As Rwanda embarks on the new development agenda, Vision 2050, which seeks to transform the country into a high-income economy by 2050, the Government and development partners believe there is a need to strengthen partnerships to realise that vision.
This was indicated on Thursday as government officials and Rwanda’s development partners kicked off their annual retreat in Rubavu District.
Rwanda’s Minister for Finance and Economic Planning Uzziel Ndagijimana told participants from different development organisations that the meeting happens at a “critical inflection point between Vision 2020 and Vision 2050 as Rwanda’s guiding development vision.”
“The retreat is happening when the National Strategy for Transformation (NST1) is well underway in terms of its implementation,” he said.
The NST1 runs until 2024 and the Government targets to completely transform education, health, agriculture and infrastructure sector among others.
The target is to move beyond meeting basic needs to ensure a higher standard of living for all Rwandan through provision of affordable education and health care, modern housing and settlements, comprehensive adequate social security and safety nets, and universal access to daily amenities, to name but a few.
The country also wants to develop high-value jobs and sectors, as well as modern infrastructure and productive livelihoods.
Believably, development partners are expected to play a big role in realizing those ambitious plans.
“The retreat shapes the agenda between the Government and its partners, builds stronger working partnerships to improve quality and delivery of external development finance and technical assistance to ensure efficient and effective implementation of national priorities,” the Minister noted.
The retreat will review the implementation of Rwanda’s transformation agenda – NST1 – with the idea to catalyse partnerships between the Government and development partners.
On the agenda, participants are also deliberating how to leverage private sector investment for economic and social transformation.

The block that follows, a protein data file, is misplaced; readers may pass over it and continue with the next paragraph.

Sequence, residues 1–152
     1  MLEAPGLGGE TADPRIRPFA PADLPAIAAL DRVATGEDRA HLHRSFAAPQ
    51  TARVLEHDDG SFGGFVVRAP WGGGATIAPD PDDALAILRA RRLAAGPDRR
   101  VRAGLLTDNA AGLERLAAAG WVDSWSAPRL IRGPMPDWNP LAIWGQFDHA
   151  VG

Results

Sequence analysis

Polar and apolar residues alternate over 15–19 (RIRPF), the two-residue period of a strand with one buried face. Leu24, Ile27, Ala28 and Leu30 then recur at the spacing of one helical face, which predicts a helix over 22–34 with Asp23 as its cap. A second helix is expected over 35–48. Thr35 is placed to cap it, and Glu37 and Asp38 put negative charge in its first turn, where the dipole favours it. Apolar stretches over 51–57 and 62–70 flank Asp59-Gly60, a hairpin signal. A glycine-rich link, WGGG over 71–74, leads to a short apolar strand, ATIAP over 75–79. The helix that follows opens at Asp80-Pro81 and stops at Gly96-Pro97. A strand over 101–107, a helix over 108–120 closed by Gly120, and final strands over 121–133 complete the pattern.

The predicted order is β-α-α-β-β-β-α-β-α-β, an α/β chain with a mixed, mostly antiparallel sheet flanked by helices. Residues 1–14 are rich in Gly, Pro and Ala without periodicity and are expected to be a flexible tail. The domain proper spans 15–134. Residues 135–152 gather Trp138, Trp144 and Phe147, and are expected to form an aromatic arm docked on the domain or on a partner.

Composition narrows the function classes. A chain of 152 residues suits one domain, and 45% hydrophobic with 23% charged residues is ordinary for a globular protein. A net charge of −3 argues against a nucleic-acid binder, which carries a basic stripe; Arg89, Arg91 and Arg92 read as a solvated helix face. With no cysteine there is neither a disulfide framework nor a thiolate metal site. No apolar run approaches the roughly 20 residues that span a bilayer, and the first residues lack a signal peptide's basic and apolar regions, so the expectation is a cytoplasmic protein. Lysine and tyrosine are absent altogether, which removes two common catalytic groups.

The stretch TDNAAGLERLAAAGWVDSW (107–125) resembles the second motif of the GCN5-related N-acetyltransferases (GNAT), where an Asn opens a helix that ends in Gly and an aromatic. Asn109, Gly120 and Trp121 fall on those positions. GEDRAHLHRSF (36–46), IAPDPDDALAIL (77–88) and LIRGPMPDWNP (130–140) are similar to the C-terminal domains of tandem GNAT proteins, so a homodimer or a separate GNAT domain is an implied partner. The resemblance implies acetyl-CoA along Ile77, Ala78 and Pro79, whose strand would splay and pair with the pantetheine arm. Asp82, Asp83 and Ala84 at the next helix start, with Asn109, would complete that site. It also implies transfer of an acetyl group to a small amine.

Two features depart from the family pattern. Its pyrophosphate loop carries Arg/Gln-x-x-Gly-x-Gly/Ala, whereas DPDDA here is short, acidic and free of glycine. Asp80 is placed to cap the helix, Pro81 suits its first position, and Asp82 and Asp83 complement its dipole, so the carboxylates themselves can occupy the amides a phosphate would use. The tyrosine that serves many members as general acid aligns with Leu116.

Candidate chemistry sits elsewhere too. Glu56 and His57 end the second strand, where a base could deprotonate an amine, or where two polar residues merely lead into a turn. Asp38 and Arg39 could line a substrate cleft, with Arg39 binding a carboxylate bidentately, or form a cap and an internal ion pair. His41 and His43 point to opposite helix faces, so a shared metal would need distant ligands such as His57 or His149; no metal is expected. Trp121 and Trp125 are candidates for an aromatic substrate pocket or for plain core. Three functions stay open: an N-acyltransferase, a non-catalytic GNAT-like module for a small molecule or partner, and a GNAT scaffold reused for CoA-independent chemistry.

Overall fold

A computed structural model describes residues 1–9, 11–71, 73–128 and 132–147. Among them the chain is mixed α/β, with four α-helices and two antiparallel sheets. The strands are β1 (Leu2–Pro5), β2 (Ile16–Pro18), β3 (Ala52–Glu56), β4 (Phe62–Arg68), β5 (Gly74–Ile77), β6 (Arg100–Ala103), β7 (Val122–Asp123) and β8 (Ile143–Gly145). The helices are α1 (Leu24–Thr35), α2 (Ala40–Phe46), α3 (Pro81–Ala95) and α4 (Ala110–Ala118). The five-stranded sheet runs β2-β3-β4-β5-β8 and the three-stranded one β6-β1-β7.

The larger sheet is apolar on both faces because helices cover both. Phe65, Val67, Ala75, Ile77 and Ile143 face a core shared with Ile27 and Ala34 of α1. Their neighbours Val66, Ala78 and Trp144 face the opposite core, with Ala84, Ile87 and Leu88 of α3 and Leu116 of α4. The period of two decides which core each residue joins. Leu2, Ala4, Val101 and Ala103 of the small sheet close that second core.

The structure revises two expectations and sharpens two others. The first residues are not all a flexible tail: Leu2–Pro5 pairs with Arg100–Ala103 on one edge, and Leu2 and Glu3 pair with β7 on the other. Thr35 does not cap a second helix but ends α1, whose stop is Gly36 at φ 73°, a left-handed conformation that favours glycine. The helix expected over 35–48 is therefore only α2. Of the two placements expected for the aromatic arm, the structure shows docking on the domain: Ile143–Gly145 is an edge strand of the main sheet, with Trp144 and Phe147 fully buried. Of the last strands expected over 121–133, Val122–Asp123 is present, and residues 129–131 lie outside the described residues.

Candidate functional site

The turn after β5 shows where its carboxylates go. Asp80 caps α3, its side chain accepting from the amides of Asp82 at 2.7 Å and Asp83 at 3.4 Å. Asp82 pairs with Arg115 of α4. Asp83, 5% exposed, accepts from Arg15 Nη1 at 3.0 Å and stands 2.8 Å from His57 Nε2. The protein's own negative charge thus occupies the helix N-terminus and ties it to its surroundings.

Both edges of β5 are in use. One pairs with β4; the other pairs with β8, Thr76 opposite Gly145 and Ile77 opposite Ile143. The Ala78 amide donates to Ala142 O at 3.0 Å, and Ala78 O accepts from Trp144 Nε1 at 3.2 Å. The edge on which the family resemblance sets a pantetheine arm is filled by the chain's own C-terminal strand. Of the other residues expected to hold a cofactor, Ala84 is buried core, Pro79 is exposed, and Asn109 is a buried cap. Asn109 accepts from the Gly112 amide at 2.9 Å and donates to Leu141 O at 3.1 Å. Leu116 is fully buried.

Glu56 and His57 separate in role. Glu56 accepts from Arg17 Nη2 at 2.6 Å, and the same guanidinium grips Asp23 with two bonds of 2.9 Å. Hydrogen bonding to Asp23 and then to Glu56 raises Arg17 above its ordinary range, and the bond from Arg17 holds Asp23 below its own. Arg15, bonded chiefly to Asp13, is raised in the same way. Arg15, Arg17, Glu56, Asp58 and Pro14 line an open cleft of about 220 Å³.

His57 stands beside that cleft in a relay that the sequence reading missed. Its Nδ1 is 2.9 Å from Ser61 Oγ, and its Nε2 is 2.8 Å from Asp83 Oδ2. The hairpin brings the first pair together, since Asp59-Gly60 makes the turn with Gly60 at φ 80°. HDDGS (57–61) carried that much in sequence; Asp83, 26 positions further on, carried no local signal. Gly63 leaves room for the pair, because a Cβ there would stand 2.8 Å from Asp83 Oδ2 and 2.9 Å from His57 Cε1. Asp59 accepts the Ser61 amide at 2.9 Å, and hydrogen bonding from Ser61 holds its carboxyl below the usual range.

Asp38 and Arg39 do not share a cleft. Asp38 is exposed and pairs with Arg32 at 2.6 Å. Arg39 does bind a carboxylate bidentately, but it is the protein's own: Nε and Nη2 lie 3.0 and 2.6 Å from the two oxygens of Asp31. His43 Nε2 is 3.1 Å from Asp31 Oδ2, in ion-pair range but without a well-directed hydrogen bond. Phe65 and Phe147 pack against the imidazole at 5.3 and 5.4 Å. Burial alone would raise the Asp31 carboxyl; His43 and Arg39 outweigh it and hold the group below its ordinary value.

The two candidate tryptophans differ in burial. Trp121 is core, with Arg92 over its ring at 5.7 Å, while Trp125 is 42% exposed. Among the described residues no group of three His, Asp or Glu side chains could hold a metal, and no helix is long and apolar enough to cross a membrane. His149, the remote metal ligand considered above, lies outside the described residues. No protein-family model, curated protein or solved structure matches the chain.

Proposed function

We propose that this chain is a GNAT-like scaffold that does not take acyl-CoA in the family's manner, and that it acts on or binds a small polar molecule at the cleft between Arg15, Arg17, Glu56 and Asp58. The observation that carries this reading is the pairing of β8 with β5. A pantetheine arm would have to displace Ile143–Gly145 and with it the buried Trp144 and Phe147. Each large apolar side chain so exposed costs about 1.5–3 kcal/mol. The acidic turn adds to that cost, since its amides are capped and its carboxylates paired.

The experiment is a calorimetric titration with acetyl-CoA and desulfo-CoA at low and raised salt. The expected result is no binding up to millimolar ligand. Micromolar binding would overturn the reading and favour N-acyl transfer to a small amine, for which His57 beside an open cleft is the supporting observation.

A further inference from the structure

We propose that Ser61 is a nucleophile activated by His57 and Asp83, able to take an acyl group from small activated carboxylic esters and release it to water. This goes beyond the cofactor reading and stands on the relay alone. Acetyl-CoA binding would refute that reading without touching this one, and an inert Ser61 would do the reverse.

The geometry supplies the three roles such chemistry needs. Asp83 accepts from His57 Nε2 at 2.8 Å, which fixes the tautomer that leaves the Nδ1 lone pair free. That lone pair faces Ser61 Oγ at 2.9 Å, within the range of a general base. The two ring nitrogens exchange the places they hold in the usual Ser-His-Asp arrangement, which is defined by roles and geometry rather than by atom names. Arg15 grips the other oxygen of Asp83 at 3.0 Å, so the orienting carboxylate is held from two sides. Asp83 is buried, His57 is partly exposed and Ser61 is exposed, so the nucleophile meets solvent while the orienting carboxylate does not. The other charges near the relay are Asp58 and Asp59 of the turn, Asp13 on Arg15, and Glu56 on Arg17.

Stephen Rodrigues, the Resident Representative for the United Nations Development Programme (UNDP) said Rwanda’s plan to become a middle-income country by 2035 and a high-income country by 2050 requires high investment.
“That requires a high rate of investment and we know that the State has been making those investments and we are seeing an increase in private sector investments. But there is a lot of work that needs to be done to attract more private investments,” he said.
He added that this will require raising more domestic investment and pursue blended financing.
“These are the conversations we are going to have,” he noted.
Rodrigues indicated that discussions are also going to revolve around creating more decent jobs, highlighting that while global economies are growing poverty is not reducing as fast as expected.
Human capital investment is another critical issue that is likely to attract the attention of the development partners and officials who are meeting on the shores of Lake Kivu at Serena Hotel.
According to the Finance Ministry, over the last two decades, Rwanda has recorded an average growth of about 8 per cent per annum, which the Minister said, by all standards is commendable.
“However, let’s remember that [gross domestic product] GDP growth required to achieve Vision 2050 is much more than the average 8 per cent of the past,” he said.
Last year, Rwanda achieved a high GDP growth of 8.4 per cent in the first quarter, 12.2 per cent in the second quarter, and 11.9 per cent in the third quarter, making an average of 10.9 per cent for the first three quarters of 2019.
“One of the questions asked to us by Rwandans is how to ensure that this high growth is not a one-off, but is sustained over the next three decades. It will require both economic and societal transformation,” Ndagijimana said.
At last year’s retreat, members recommended operationalisation of agriculture de-risking facility, among other things. The Ministry said the facility was structured, approved and it’s on the way to the parliament.
The World Bank plans to invest 350 million dollars in the facility.
Human capital development, supporting urbanisation and private sector development are other resolutions that appeared last year.
Partners like Department for International Development (DFID) are already supporting the government in these areas.